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2016-2017 Clippers Exit Interviews: Raymond Felton, the North Carolina Delight

The Exit Interview series continues with a look at one of the Clippers’ best surprises this season: Raymond Felton.

Utah Jazz v Los Angeles Clippers - Game Seven Photo by Sean M. Haffey/Getty Images

Name: Raymond Felton

Age: 32

Key Stats: 6.7/2.7/2.4 (points, rebounds, assists) per game on 43/31.9/78.1 shooting, averaging 21.3 minutes per game in 80 games played (11 started)

Playoff Stats: 5.6/1.4/1.4 per game on 46.9/44.4/1.00 shooting, averaging 18.1 minutes per game in 7 games played

Years in NBA: 12

2016-2017 Salary: $1,551,659- veteran minimum

Future Contract Status: Unrestricted free agent

Summary: When Raymond Felton was signed by the Clippers in the middle of July, the news was met with some skepticism by fans. Once considered a solid starting point guard, Felton had had some legal troubles a few years prior, and his career had faded towards twilight on the moribund Dallas Mavericks. Quietly though, he played well for the Mavs, and every Mavs fan Clips Nation talked to after the signing said they would miss him and that he would fit well with the Clips. They were proven 100% correct.

Raymond Felton was fantastic for the Clippers all season long (including the playoffs). Relative to expectations (and salary), he probably overachieved the most of any Clipper barring Luc Mbah a Moute. Felton played in all but two games, a notable statistic considering how injury plagued the Clippers were this season. Availability is valuable, and Felton was almost always there, ready to play. Felton’s bulldog mentality on defense also enabled him to play more minutes than a regular backup point guard might, as he was frequently played alongside other combo guards, and even used in three-guard lineups. He played the 8th most minutes on the team, just a hair behind Luc Mbah a Moute. And for the 8th man on the roster, he was simply superb.

That strong played continued in the playoffs. While Ray’s minutes decreased against a large Jazz team that required more size on the perimeter, he was probably the Clippers’ fourth best player in the series—he shot incredibly well from the field, and played good defense even when at a significant size disadvantage. His aggressiveness attacking the basket never diminished, nor did his energy. In Game 7, he and Jamal Crawford were perhaps the only players with real fire, and in the potentially last game of the Chris Paul era, that has to be remembered.

Strengths: For a player in his 30s who looks like he could stand to shed a few pounds, Ray Felton moves remarkably quickly with the ball in his hands. He’s a blur attacking the basket off the pick and roll, and he has a variety of scoop shots and flips around the basket to finish over rim protectors. That weight does help him when driving into defenders, as he can push them back away from the hoop even if they’re going straight up. Ray is a hound on defense, always pressuring the ball and trying to force turnovers. That energy translates all over the court, and Ray was one of the few Clippers who always seemed to be playing hard and with some fire. That’s invaluable.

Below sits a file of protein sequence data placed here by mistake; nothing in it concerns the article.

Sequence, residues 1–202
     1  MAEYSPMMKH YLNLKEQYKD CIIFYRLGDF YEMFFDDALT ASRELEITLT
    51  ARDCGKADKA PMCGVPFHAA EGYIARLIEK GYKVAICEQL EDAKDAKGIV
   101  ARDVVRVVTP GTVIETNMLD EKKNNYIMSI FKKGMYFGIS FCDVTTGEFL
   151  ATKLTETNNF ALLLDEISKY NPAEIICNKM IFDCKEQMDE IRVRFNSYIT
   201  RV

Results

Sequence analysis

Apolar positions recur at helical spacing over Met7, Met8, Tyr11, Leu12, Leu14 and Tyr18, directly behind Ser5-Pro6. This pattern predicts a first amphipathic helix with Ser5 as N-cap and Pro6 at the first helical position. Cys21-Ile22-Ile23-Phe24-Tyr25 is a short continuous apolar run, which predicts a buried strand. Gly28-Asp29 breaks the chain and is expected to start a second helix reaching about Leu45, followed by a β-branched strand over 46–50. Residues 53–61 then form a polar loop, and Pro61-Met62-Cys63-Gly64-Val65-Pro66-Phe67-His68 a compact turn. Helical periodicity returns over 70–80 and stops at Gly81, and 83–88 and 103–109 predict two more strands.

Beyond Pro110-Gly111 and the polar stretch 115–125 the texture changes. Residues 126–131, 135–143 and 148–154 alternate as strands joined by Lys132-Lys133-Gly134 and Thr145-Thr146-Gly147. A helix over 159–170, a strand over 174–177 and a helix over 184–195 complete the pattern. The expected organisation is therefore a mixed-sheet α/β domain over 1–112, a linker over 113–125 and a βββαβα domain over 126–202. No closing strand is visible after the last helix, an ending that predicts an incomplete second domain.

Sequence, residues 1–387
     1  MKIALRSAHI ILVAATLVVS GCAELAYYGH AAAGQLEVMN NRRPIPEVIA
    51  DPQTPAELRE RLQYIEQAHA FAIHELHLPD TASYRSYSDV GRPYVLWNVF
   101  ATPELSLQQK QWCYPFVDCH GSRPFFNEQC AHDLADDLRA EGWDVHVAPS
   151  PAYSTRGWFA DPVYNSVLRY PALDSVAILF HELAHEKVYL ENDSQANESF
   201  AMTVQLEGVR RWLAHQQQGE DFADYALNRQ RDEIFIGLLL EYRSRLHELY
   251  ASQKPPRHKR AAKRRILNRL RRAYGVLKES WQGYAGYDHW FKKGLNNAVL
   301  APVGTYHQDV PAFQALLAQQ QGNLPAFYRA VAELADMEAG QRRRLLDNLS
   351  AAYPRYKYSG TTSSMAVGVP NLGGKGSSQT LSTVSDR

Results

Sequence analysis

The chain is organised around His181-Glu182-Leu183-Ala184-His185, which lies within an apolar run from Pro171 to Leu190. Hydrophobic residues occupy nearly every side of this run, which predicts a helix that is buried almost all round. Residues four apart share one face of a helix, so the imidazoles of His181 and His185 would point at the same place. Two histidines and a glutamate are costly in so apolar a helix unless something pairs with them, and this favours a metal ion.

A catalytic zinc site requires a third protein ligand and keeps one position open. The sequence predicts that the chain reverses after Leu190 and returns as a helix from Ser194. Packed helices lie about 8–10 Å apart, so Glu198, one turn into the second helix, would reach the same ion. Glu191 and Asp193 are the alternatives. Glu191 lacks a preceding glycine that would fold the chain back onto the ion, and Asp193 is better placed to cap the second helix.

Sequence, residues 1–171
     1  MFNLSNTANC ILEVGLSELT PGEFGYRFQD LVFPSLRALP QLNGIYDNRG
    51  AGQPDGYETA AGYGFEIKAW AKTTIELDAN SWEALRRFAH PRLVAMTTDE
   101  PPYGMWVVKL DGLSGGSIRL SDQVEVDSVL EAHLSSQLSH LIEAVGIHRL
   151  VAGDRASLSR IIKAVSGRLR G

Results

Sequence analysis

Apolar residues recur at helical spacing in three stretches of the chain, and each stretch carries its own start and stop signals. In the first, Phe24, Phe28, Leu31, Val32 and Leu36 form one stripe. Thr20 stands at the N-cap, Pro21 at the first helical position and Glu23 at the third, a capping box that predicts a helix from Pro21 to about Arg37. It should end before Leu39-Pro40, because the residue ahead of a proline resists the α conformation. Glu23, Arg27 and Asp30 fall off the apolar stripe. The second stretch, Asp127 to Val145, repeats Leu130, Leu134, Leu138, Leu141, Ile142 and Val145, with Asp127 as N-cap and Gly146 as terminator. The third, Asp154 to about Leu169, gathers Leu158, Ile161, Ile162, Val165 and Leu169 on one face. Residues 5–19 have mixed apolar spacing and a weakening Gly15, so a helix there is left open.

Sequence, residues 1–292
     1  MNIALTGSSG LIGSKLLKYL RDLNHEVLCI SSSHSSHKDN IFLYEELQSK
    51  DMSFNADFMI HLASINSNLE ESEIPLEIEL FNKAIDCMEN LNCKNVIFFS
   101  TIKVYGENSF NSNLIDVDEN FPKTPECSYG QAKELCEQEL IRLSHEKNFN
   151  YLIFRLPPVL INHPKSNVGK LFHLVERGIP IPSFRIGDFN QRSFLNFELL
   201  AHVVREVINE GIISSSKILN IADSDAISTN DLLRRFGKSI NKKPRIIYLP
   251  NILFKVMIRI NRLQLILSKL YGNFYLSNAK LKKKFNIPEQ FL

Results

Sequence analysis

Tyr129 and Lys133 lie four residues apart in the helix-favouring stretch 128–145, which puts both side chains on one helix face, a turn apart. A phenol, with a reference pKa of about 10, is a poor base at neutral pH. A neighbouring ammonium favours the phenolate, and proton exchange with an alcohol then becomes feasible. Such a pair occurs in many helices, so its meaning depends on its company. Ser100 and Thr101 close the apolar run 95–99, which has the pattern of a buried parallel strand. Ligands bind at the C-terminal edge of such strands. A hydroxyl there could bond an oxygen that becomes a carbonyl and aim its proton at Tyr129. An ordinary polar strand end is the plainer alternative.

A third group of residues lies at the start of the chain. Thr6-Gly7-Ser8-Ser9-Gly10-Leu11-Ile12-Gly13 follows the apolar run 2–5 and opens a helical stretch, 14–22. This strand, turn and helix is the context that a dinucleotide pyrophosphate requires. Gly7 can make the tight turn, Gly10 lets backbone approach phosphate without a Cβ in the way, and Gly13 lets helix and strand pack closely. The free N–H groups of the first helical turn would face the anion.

Weaknesses: If Ray Felton could consistently hit 3s, he would probably still be a starting caliber player. Alas, he cannot. That shakiness from outside is increasingly costly in today’s NBA, especially at the point guard position: the ability to hit long balls off the dribble opens up so much for offenses and ballhandlers. That meant that when the Clippers went small, defenses could cheat off Ray, even from the corners, knowing he wasn’t liable to punish them. Sometimes he did, and other times he would take that space and attack the basket… but it still hurt spacing. And while Ray tries hard on defense, his size and age makes it tough for him to be anything more than an average defensive player most of the time. Most guards are bigger than he is, and a lot of them are faster. In the Jazz series, that meant guys like George Hill and Rodney Hood being able to shoot over Ray with impunity despite his best efforts.

Future with Clippers: Raymond Felton has earned himself a nice deal somewhere as a primary backup point guard. Considering he’s 32, and coming off a veteran minimum deal, it wouldn’t be surprising for Ray to take the largest (or longest) salary package available and run with it. This upcoming deal will almost certainly be his last of any substance, and he should milk it for all it’s worth. Sadly, the Clippers won’t have much money to throw around (assuming Chris Paul and Blake Griffin are brought back). They don’t have the cap space or exceptions to match what other teams might offer, and even though Ray was great, Jamal Crawford and Austin Rivers are under contract, and they offer ballhandling ability off the bench as well. Therefore, I think it’s unlikely we see Ray back in a Clippers’ jersey next season. However, Felton still has quite a few NBA years left in him, and it’s possible he ends up back in LA someday.

A Few Additional Thoughts: If this article didn’t make it clear, I’m going to miss Ray a lot if he leaves the Clippers this summer. And I know a lot of other people feel the same way. Felton quickly became a fan favorite here in LA, and it was nice having a real backup point guard for once instead of combo guards and players who should probably be third-stringers. His drives to the basket never ceased to amaze and delight, and his steady presence on the court was so nice to see after the wild Clippers’ benches of yore. Good luck Ray!